Steljes is a successful technologies innovation business that brings new products from around the world to the UK, particularly in the education market. The SMART Technologies brand is well known. It was introduced to the UK by Steljes and we continue to work closely with SMART and our other vendors on the development and introduction of new technology products.
John Harris of the Corporate IT Forum described the need for ‘Double Deep’ knowledge in the technologies industries earlier today. He commented that people who are successful in our industries are not necessarily programmers, but combine an excellent grasp of technologies as well as specific business capabilities. I fully endorse that view, and interestingly out of its workforce of around 160, Steljes only employs a couple of programmers and of SMART’s staff of around 1600 around a quarter are developers.
So what is the offer to industry? At the BETT show 2012, Michael Gove proposed the development of the ‘wiki curriculum’ to enable the best collective knowledge of industrialists and educators to come together in developing a computer science curriculum. The stated purpose of the proposed curriculum is:
‘At the core of computing is the science and engineering discipline of computer science, in which pupils are taught how digital systems work, how they are designed and programmed, and the fundamental principles of information and computation. Building on this core, computing equips pupils to apply information technology to create products and solutions. A computing education also ensures that pupils become digitally literate – able to use, and express themselves through, information and communication technology – at a level suitable for the future workplace and as active participants in a digital world.’
This is laudable but is not fully and consistently reflected in the subject content. The primary curriculum is utilitarian and lacks a development of creative application of information technology. It is focused largely on computational thinking and the development of straightforward computer science skills, both of which are perfectly useful but overall the subject content lacks breadth. I would argue that it is insufficient to develop critical awareness, creativity and higher order thinking skills required in our workplace and indeed by individuals.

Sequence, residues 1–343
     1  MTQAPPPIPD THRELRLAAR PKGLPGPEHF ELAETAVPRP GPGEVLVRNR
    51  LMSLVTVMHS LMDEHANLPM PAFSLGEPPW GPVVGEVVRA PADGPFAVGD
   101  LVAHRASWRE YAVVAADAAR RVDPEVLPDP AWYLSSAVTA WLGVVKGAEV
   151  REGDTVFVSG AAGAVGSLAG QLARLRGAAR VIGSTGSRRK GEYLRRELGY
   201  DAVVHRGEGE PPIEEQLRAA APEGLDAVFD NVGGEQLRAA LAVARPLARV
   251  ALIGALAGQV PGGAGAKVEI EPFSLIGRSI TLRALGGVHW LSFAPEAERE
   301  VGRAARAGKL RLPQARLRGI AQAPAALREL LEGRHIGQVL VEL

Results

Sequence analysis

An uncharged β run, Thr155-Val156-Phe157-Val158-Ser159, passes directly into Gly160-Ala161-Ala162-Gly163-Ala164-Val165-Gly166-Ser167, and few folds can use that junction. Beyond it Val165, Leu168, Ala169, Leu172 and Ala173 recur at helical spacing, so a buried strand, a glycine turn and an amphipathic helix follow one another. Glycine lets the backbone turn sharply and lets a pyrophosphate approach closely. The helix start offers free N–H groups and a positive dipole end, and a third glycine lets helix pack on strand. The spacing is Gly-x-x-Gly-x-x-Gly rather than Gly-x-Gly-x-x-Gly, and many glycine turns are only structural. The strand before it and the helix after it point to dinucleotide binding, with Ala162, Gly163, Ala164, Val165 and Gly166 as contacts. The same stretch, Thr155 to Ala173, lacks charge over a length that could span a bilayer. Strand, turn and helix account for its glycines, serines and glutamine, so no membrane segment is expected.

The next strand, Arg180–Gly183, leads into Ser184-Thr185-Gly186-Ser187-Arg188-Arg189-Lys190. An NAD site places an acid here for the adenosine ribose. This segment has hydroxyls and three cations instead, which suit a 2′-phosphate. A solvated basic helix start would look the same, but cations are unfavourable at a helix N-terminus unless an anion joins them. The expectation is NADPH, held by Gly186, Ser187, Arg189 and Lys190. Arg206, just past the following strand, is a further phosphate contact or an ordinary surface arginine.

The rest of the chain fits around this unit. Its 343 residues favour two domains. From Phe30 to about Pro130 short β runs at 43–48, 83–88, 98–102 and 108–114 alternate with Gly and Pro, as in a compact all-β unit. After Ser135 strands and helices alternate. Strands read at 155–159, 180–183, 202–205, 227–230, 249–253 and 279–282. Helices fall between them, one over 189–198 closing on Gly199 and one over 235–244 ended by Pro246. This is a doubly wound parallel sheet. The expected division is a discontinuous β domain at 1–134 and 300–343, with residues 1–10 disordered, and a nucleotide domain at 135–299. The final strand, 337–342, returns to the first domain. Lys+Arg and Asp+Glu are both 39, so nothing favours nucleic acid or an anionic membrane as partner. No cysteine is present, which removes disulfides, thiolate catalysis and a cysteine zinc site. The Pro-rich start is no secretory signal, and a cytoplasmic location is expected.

Despite the intended aims, leaving these out of KS1 and KS2 is likely to hinder the development of a rich digital literacy, and render pupils less ready to cope with the subject content proposed at KS3 and KS4 where creativity at least gets a mention. The PoS as it stands is likely to develop reasonably competent programmers, but that competence requires a deeper contextualisation to create enticing digital content relevant to the ‘future workplace’ and to participate actively in a digital world.
It is true that many pupils (and staff) found the old ICT dull, largely perhaps though because the National Strategy framework focused rather more on Office applications at the expense of the actual National Curriculum programme of study. Nonetheless simply introducing ‘computing’ won’t necessarily make any difference, unless we have a serious review of both pedagogy and assessment, both of which will affect pupils’ appetite for and progress in the subject. A particular gap for me concerns collaboration.